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(Reference retrieved automatically from Web of Science through information on FAPESP grant and its corresponding number as mentioned in the publication by the authors.)

Molecular and cellular pathogenesis of autosomal dominant polycystic kidney disease

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Author(s):
Bastos, A. P. ; Onuchic, L. F. [1]
Total Authors: 2
Affiliation:
[1] Univ Sao Paulo, Fac Med, Dept Clin Med, Disciplina Nefrol, BR-01246903 Sao Paulo - Brazil
Total Affiliations: 1
Document type: Journal article
Source: Brazilian Journal of Medical and Biological Research; v. 44, n. 7, p. 606-617, JUL 2011.
Web of Science Citations: 11
Abstract

Autosomal dominant polycystic kidney disease (ADPKD) is one of the most common human life-threatening monogenic disorders. The disease is characterized by bilateral, progressive renal cystogenesis and cyst and kidney enlargement, often leading to end-stage renal disease, and may include extrarenal manifestations. ADPKD is caused by mutation in one of two genes, PKD1 and PKD2, which encode polycystin-1 (PC1) and polycystin-2 (PC2), respectively. PC2 is a non-selective cation channel permeable to Ca(2+), while PC1 is thought to function as a membrane receptor. The cyst cell phenotype includes increased proliferation and apoptosis, dedifferentiation, defective planar polarity, and a secretory pattern associated with extracellular matrix remodeling. The two-hit model for cyst formation has been recently extended by the demonstration that early gene inactivation leads to rapid and diffuse development of renal cysts, while inactivation in adult life is followed by focal and late cyst formation. Renal ischemia/reperfusion, however, can function as a third hit, triggering rapid cyst development in kidneys with Pkd1 inactivation induced in adult life. The PC1-PC2 complex behaves as a sensor in the primary cilium, mediating signal transduction via Ca(2+) signaling. The intracellular Ca(2+) homeostasis is impaired in ADPKD, being apparently responsible for the cAMP accumulation and abnormal cell proliferative response to cAMP. Activated mammalian target for rapamycin ( mTOR) and cell cycle dysregulation are also significant features of PKD. Based on the identification of pathways altered in PKD, a large number of preclinical studies have been performed and are underway, providing a basis for clinical trials in ADPKD and helping the design of future trials. (AU)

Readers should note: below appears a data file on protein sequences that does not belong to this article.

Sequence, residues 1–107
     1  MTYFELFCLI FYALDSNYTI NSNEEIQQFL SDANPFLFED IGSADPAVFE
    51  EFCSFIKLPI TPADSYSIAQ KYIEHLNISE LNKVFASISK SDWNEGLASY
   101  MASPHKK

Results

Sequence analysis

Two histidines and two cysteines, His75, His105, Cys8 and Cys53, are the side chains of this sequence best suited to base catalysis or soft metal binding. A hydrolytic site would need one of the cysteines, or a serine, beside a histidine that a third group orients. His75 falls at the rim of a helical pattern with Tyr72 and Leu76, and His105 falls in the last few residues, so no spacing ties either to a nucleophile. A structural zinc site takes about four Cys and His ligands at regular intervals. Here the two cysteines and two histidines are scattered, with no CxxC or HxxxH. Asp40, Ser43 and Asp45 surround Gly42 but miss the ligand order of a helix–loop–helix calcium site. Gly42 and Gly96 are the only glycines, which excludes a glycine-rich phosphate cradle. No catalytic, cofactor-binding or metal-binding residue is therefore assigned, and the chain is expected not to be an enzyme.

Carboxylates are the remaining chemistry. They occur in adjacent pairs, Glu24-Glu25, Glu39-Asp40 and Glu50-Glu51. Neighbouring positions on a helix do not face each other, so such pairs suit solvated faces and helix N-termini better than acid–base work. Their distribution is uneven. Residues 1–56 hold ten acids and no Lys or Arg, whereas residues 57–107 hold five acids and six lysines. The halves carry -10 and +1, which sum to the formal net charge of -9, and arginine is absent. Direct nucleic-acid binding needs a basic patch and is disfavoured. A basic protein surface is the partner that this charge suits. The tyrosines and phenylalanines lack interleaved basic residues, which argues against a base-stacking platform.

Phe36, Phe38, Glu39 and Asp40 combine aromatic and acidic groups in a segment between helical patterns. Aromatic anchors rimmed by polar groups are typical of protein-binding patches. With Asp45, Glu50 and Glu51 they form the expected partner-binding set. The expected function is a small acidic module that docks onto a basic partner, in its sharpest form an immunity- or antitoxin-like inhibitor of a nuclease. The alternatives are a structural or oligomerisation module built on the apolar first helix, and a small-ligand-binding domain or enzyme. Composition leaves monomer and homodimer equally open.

FAPESP's process: 09/13926-3 - Effects of Administration of Stem Cells with and without Pkd1 Expression on Renal Injury Induced by Ischemia/Reperfusion and the Renal Cystogenic Potential
Grantee:Luiz Fernando Onuchic
Support type: Regular Research Grants
FAPESP's process: 10/10425-0 - Effects of Pkd1 Gene Expression in Exogenous Mesenchymal Stem Cells on Renal Ischemia/Reperfusion Injury and Regeneration
Grantee:Ana Paula Almeida Bastos
Support type: Scholarships in Brazil - Post-Doctorate